- What should I avoid during radiation treatment?
- Can you drive home after radiation treatment?
- What can I expect after my first radiation treatment?
- Does radiation weaken your immune system?
- Does radiation shorten your life?
- How can I overcome the side effects of radiation?
- Can you drink while getting radiation?
- Can you eat before radiation treatment?
- What is good for radiation burn?
- What does radiation feel like?
- How can I protect my skin during radiation treatment?
- What do you do during radiation treatment?
- Can you wear a bra during radiation?
- Do you gain weight during radiation treatment?
- Can you shower after radiation treatment?
- How long does a session of radiotherapy last?
- What is the first sign of too much radiation?
What should I avoid during radiation treatment?
Foods to avoid or reduce during radiation therapy include sodium (salt), added sugars, solid (saturated) fats, and an excess of alcohol.
Some salt is needed in all diets.
Your doctor or dietitian can recommend how much salt you should consume based on your medical history..
Can you drive home after radiation treatment?
Will I be able to drive after my radiotherapy treatment? Almost all patients are able to drive while receiving radiotherapy treatment. However, with some types of cancer, driving may NOT be recommended due to fatigue or strong pain medication. Your physician will be able to address your specific case.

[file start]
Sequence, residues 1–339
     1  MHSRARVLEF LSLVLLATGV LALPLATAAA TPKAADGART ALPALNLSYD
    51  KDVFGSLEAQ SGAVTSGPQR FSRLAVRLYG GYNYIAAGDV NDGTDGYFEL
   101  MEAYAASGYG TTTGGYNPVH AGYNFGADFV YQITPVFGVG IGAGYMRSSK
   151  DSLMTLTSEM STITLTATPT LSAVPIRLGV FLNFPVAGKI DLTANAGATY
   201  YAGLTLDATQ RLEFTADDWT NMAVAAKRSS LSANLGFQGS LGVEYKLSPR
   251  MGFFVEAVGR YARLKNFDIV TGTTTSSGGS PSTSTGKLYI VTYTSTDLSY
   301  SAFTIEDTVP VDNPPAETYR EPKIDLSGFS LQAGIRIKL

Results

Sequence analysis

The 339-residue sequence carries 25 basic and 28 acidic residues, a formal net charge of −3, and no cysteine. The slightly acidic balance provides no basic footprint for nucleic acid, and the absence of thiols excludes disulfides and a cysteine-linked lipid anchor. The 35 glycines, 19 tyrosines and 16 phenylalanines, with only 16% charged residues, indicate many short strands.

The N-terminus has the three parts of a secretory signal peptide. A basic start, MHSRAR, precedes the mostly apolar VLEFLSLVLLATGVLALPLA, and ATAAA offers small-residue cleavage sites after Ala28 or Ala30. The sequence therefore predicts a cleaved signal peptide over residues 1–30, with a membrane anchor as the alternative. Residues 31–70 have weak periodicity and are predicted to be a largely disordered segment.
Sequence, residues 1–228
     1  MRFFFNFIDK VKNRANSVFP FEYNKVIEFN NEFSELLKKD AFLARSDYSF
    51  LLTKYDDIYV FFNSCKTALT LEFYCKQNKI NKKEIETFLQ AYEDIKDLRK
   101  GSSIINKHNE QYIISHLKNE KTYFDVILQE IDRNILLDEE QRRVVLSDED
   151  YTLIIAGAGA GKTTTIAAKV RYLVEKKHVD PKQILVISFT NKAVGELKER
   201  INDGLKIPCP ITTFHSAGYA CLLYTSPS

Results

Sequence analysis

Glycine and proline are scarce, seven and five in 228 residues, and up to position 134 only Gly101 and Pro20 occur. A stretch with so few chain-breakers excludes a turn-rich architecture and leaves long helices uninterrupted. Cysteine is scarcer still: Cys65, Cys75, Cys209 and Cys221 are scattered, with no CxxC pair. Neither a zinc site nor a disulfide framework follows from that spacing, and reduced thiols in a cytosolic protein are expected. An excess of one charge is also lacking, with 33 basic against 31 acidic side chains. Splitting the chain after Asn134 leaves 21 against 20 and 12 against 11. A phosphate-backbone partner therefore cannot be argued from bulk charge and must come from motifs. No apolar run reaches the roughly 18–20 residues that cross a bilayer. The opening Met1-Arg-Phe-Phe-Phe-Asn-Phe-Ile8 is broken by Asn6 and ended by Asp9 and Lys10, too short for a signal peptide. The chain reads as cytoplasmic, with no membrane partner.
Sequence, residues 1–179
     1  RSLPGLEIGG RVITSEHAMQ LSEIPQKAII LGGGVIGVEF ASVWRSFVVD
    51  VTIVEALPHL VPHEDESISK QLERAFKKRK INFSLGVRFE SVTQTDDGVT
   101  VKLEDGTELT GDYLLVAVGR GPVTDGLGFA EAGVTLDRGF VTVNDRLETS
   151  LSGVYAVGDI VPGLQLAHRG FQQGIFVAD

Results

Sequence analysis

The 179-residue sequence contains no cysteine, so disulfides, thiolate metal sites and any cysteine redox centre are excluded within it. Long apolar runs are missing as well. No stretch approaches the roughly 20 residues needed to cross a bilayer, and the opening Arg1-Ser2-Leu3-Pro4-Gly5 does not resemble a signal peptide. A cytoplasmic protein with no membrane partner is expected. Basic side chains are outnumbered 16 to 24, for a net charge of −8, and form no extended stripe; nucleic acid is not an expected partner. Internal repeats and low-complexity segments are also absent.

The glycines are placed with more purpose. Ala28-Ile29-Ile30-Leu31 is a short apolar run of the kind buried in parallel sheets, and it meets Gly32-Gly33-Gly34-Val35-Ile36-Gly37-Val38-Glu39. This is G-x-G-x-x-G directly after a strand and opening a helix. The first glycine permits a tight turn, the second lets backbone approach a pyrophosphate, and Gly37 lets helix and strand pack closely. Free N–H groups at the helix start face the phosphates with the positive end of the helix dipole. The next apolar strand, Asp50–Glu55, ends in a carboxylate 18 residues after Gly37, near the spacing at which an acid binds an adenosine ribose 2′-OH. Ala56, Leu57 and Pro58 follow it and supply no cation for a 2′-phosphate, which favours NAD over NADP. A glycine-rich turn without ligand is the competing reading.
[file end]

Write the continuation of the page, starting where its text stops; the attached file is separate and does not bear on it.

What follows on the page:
What can I expect after my first radiation treatment?
Most people start to feel tired after a few weeks of radiation therapy. This happens because radiation treatments destroy some healthy cells as well as the cancer cells. Fatigue usually gets worse as treatment goes on. Stress from being sick and daily trips for treatment can make fatigue worse.
Does radiation weaken your immune system?
Certain cancer treatments (such as chemotherapy, radiation therapy, surgery, stem cell or bone marrow transplant, or steroids) or the cancer itself can suppress or weaken the immune system. These treatments can lower the number of white blood cells (WBCs) and other immune system cells.
Does radiation shorten your life?
chemotherapy, radiation therapy and other cancer treatments cause aging at a genetic and cellular level, prompting DNA to start unraveling and cells to die off sooner than normal. bone marrow transplant recipients are eight times more likely to become frail than their healthy siblings.
How can I overcome the side effects of radiation?
Radiation therapy side effects: 5 tips to copeGet enough sleep during radiation therapy. Many patients have trouble sleeping after receiving a cancer diagnosis, while others begin to experience fatigue near the end of radiation therapy. … Treat skin exposed to radiation with TLC. … Maintain a well-balanced diet. … Commit to physical activity. … Get the support you need.
Can you drink while getting radiation?
Alcohol during radiotherapy Usually it is fine to have small or moderate amounts of alcohol during your treatment. But alcohol can inflame a sore mouth or throat if you are having radiotherapy to your head or neck area. Radiotherapy can make you feel tired and alcohol can make this worse.